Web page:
As a RAFI-USA Program Manager and Chair of its Direct Service Team, Lisa Misch wears many hats, as do all of RAFI-USA’s staff members. As she secures federal funding, oversees USDA-funded programs, serves on RAFI-USA’s policy team, and manages the Expanding Farmers Market Access program, she draws on her past experiences which range from working on farms in Japan and Colombia to spending a year at the College of Menominee Nation.
Lisa grew up in La Crosse, Wisconsin, and lived there throughout her childhood with her parents, Mark, a farm machinery equipment salesman, and her mother Nancy, a stay-at-home mother for most of Lisa’s childhood. She has two older sisters.
For as long as she can remember she wanted to work with plants and animals “when she grew up.” Throughout middle school, she took part in science field trips to the Mississippi River backwaters where she first learned about environmental systems. This interest only grew through high school.
Lisa believes her love for the natural world came from growing up in La Crosse: “It’s located in a geological area called the Driftless Area — meaning in the last Ice Age there was a region of Wisconsin, Minnesota, and Iowa that didn’t experience the flattening effects of glaciers. So the landscape is characterized by steep, forested ridges and deeply carved river valleys that are unique in comparison to surrounding areas. We went on a lot of hikes and bike rides in the marshes, forests, bluffs, and along rivers and streams. My parents also signed me up for every youth class available at our local nature center. I liked learning all the weird facts about the plants, animals, and bugs we came across,” she said.
She decided to attend St. Olaf College, in Northfield, Minnesota, and graduated in 2015. She was drawn to its liberal arts, cross-programmatic learning approach, and its being a smaller campus was a plus for Lisa. She started as a biology major but then realized she was more interested in systemic issues. “How can we make sustainable changes that are good for environments, people, economies? Doing narrowly focused research couldn’t get me to that stage of conversation. Around that same time I also became more interested in agriculture and food systems and began seeing connections to those subjects in almost every class I took, be it sociology, history, art, economics, political sciences,” she shared.
Lisa has had many unique global experiences on her way to RAFI-USA. During her college years, she worked on a farm in Japan at the Asian Rural Institute in Nasushiobara, which was a leadership training program for community leaders from 20 different countries across Africa, Asia, and the Americas. “I gained a deeper global perspective of how agriculture can be the foundation of strong communities,” she shared. After that she worked on an organic farm north of Bogotá, Colombia through WWOOF (World Wide Opportunities on Organic Farms). Lisa was impressed with the farm’s use of “a very efficient and effective compost/bed rotation system. And even though I grew up in a major dairy state, that was the first time I actually milked a cow by hand. Working and traveling internationally on a whole was invaluable in terms of teaching me how to connect and communicate with others,” she said.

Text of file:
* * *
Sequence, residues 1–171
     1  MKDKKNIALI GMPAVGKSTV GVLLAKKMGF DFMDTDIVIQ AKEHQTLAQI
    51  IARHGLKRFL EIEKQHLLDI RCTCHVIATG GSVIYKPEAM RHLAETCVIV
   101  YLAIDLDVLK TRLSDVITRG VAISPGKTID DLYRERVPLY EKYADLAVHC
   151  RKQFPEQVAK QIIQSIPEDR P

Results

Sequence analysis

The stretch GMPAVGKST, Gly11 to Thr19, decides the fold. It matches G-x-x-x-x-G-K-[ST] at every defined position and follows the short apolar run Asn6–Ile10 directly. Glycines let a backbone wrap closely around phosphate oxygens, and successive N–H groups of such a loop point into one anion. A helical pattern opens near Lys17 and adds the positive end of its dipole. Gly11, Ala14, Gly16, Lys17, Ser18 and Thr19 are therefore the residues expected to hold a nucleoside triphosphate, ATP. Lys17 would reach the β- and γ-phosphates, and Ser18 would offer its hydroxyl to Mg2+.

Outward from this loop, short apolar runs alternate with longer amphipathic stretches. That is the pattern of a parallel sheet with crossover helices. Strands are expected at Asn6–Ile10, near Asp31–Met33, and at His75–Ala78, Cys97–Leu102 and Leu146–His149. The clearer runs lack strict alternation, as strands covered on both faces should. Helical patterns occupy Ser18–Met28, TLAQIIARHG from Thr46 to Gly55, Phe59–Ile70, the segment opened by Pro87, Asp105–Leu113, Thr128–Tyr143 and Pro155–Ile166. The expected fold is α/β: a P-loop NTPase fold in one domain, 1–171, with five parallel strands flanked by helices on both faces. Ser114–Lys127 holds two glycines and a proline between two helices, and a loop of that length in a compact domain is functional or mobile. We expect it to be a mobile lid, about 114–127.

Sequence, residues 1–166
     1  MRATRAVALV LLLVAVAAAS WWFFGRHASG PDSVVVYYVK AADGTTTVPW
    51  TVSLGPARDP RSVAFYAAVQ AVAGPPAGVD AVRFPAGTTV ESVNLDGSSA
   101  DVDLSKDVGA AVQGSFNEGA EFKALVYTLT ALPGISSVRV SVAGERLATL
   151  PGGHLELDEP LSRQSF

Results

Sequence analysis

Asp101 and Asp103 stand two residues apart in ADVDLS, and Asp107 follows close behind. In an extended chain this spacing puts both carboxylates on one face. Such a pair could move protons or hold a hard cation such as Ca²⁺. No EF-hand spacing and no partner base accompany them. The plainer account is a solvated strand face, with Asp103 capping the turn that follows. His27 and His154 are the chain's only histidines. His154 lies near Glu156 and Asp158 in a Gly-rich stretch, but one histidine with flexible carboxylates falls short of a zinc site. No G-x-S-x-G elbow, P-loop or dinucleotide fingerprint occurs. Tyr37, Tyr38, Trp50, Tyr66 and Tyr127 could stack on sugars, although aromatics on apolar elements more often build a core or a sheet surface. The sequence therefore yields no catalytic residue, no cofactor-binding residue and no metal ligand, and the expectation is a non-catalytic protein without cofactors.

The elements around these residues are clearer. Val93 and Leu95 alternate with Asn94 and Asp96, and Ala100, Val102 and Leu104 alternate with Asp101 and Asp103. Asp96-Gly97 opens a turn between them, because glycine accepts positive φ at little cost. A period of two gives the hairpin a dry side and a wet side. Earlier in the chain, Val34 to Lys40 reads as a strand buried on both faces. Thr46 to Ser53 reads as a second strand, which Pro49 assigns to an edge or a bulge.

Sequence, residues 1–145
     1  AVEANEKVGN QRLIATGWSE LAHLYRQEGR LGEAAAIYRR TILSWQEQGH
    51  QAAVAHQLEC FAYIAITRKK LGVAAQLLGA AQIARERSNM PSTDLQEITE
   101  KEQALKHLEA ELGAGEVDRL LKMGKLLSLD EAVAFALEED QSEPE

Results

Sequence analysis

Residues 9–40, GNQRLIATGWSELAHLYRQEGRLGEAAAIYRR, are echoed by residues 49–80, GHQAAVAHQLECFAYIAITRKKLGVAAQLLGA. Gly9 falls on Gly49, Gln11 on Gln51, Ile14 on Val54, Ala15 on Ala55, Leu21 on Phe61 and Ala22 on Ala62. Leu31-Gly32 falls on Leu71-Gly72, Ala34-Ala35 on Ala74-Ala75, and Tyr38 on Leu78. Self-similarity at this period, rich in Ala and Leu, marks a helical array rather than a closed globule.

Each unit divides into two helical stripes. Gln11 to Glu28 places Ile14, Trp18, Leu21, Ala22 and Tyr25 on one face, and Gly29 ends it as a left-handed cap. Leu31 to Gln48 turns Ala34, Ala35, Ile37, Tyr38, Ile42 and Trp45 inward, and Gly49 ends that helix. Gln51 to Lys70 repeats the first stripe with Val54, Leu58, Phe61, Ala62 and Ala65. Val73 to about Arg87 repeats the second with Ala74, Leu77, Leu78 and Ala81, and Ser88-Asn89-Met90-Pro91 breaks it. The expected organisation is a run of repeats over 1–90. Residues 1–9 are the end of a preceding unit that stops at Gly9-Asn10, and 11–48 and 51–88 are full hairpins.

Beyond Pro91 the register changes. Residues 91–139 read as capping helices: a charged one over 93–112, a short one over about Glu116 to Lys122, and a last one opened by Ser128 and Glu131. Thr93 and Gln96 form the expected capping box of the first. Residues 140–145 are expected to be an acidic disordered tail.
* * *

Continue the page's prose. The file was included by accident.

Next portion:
By the end of college, Lisa knew she wanted to work in farming and agriculture but wasn’t really sure in what capacity. Similarly, the College of Menominee Nation was beginning to introduce more agriculture, food-based work into their community programming but there wasn’t a clear consensus of what to focus on building. So she applied for an AmeriCorps VISTA position which would allow her to work with existing tribal community leaders and offices to develop community-driven local food projects. “Over my year of service, I helped revive the Tribe’s farmers market, coordinate the college’s garden, organize culturally appropriate cooking classes, secure funding for farm to school projects, and promote home gardening. My VISTA experience was essentially a crash course in farmers market management, local food coordination, and grant writing,” Lisa commented.
After her year at the College of Menominee Nation, she traveled around South America for a few months, then started applying for positions across the country. She found a posting for the Fresh Bucks Program Coordinator position at RAFI-USA, applied and was offered the job. “I was very excited to realize that my experience with the VISTA program almost perfectly prepared me for the responsibilities of the Program Coordinator,” she recalled. “The job was to support farmers markets in securing SNAP retailer certification, administer SNAP incentives at market, and promote the program in their communities. And I had just done that for the Tribe’s farmers market.”
Lisa enjoys her work with RAFI-USA and shared that she is never bored! “I’m always learning about new areas of our work. In a day I might get to jump from project management to budgeting to policy advocacy to data management. And I love that variety. But I especially love working with the other staff members at RAFI-USA; we’re all here because we believe in the work we’re doing.” After living and working in North Carolina for four years, Lisa relocated to the Midwest at the start of 2021 and continues to work remotely for RAFI-USA from Minneapolis, MN.
Continuing interests she discovered growing up, in her spare time Lisa continues to read a lot, try new recipes, and sing in community choirs. And then there’s her new blue heeler/border collie/corgi mix, Jenny, and Lisa loves hanging out and walking with her. “I suppose I have COVID to thank for my new interests in crocheting and backpacking. And now that I’m back in the Midwest I’ve joined a log rolling club again.”